You also need to take into account the marketing, design, sales staff, and event needed to support the field. Plan complexities are every bit as demanding on those departments as branding your product. How about your IT staff? Once your plan is programmed and tested, bonus accuracy becomes all about the data. How hard does your technical team have to work to validate and keep that data clean? Also: are they having to support any additional tech such as rule-specific placement routines and structure, move/terminate programs, Coded bonuses, distributor tools etc.
Of course as volume justifies it, you will probably develop a bonus department. Is that going to be one or two employees or is it going to take up a whole floor? The one thing that is for sure is this: starting an MLM company can be expensive. Simple plans are as successful as complex plans, depending on who is telling the story. From my perspective, the K.I.S.S. method makes a lot of sense.
Sales and Marketing
Marketing is often your second largest expense. The less you spend on technology, compliance, operations, staffing, etc., the more you can spend on marketing. The more money you spend on marketing, the bigger the “pie” gets. This is all common sense, but how efficiently are you allocating those marketing dollars? Are the distributors able to understand the plan and pitch it or do they have to schedule a time to get people online to see a presentation? If so, how many people do they lose because of the extra step and what does it cost in time and money to support that technology? Can you fit enough info to keep the conversation legal and in line on one page, or do you need an elaborate brochure to cover everything? What do your field meetings, web meetings, home meetings, conference calls, and events look like? How big is the team that supports these things and what print and tech tools need to be in place for the presentation to cross the threshold of duplicability?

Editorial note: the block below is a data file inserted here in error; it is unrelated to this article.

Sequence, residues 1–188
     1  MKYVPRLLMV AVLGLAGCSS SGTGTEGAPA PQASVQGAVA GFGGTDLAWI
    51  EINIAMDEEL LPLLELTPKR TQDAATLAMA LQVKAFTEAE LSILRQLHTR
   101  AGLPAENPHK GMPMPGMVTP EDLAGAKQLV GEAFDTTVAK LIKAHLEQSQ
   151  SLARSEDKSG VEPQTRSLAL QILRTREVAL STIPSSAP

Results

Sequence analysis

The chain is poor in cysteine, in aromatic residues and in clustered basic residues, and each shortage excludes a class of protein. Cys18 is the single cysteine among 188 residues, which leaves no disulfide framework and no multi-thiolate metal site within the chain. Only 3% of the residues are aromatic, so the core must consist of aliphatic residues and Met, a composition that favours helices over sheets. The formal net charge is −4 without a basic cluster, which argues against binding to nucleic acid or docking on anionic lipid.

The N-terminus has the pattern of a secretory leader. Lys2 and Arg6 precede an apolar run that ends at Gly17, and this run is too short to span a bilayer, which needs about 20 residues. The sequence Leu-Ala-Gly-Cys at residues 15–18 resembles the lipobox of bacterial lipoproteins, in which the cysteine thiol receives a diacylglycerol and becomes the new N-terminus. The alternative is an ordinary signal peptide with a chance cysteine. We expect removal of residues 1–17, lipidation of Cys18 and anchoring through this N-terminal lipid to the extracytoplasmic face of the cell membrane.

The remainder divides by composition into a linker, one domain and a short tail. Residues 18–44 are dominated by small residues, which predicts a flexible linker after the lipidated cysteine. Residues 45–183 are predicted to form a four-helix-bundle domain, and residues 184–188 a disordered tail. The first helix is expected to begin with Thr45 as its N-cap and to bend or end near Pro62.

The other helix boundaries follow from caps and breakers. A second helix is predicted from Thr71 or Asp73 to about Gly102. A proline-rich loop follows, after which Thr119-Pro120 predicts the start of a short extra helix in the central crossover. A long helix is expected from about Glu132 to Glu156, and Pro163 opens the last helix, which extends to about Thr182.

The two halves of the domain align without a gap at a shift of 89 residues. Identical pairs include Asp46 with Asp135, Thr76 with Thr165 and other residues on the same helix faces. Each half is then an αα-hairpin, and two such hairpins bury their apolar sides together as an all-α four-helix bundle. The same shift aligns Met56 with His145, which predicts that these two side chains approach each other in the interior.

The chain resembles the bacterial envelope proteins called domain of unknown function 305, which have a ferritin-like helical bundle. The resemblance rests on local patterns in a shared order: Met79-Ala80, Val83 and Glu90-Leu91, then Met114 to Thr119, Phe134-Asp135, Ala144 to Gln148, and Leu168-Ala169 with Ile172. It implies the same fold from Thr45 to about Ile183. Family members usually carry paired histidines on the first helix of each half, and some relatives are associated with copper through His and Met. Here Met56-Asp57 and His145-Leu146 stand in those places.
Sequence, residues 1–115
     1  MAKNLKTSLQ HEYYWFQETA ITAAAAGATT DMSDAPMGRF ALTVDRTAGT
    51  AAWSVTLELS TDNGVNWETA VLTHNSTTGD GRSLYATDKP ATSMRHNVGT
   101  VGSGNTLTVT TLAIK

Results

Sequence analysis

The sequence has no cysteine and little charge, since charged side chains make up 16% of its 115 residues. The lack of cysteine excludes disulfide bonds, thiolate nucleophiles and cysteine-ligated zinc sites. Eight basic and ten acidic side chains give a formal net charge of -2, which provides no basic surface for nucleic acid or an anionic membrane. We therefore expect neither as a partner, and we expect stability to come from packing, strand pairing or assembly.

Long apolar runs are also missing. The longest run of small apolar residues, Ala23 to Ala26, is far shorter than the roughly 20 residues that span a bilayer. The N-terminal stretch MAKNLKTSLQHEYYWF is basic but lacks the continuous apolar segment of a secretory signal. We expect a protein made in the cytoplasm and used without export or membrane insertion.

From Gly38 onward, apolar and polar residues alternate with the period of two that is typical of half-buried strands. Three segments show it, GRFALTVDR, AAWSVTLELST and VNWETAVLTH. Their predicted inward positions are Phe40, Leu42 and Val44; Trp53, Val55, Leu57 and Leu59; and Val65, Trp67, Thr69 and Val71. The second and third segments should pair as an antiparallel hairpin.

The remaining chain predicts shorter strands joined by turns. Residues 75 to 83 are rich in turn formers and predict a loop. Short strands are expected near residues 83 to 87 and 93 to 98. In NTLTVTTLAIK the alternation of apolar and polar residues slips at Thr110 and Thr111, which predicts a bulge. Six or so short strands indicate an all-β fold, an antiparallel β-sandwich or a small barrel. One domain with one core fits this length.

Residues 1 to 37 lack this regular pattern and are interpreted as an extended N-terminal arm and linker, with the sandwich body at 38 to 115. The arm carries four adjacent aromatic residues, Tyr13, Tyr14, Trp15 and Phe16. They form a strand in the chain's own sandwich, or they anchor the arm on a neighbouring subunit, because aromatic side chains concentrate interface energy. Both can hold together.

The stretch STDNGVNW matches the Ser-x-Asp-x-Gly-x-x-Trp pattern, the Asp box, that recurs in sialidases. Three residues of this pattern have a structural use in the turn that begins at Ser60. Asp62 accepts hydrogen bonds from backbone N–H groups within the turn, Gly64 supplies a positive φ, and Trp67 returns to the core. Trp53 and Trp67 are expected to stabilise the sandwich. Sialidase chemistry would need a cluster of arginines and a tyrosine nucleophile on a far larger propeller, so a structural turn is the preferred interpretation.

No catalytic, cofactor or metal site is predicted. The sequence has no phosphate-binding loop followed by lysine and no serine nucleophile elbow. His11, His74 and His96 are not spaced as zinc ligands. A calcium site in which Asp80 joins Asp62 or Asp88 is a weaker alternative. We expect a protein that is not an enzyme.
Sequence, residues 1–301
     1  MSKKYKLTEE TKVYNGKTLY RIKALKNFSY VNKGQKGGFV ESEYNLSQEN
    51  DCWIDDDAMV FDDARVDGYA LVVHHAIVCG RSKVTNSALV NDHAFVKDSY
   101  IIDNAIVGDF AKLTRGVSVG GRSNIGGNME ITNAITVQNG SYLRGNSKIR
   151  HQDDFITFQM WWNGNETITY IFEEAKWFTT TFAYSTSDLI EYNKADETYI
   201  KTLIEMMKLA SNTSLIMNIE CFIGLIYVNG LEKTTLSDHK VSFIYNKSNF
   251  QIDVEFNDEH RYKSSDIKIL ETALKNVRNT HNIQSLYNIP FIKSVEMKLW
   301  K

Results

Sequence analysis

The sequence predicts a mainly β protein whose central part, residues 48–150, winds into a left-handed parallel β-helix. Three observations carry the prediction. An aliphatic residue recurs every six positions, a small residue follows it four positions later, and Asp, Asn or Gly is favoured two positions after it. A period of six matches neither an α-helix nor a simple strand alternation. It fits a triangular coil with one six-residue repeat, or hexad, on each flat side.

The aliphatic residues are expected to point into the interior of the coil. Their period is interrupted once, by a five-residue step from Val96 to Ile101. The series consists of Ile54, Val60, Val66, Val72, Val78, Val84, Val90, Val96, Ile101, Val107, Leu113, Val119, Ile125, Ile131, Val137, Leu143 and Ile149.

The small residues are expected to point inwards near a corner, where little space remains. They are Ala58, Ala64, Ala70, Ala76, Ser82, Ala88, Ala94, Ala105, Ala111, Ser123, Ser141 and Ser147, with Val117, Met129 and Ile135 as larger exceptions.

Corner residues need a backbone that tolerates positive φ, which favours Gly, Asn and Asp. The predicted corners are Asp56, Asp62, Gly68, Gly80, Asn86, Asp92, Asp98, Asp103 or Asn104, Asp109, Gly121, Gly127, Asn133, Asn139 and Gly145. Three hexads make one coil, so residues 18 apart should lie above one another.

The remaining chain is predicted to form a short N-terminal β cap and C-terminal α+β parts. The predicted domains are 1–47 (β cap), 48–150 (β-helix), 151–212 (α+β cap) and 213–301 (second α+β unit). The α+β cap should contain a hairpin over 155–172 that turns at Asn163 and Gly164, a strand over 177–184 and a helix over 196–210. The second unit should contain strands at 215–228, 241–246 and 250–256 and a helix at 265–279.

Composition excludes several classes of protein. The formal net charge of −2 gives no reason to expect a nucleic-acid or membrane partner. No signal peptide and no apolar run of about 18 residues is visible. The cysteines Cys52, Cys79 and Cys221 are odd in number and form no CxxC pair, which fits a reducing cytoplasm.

What about retention? Retention usually belongs in a plan philosophy discussion; but as it relates to sales and marketing, if you have low retention then you are going to be doing many, many more meetings and events, which means more of everything else to support them. I know you have been told that retention is a result of product devotion. Although that is partially true it is every bit as much a result of your comp plan. Retention is actually a result of a well-developed culture, which includes all of it, but there is an undeniable correlation between highly supportable, low structure plans and longevity in our industry. There are of course many factors but this has to at least be part of the discussion.
Regardless of the plan type, the more you can streamline and simplify the message, the easier (and more cost effective) your life is going to be. As a rule, if you keep it simple—focus on behaviors and make the reward proportional to the behavior—these aspects will fall into place. I will also note, that if you have to spin anything in your plan, it will limit you greatly. People will figure it out. Start with an honest open foundation and focus on creating longevity.
If you have questions or comments for Brian, email him at: email@example.com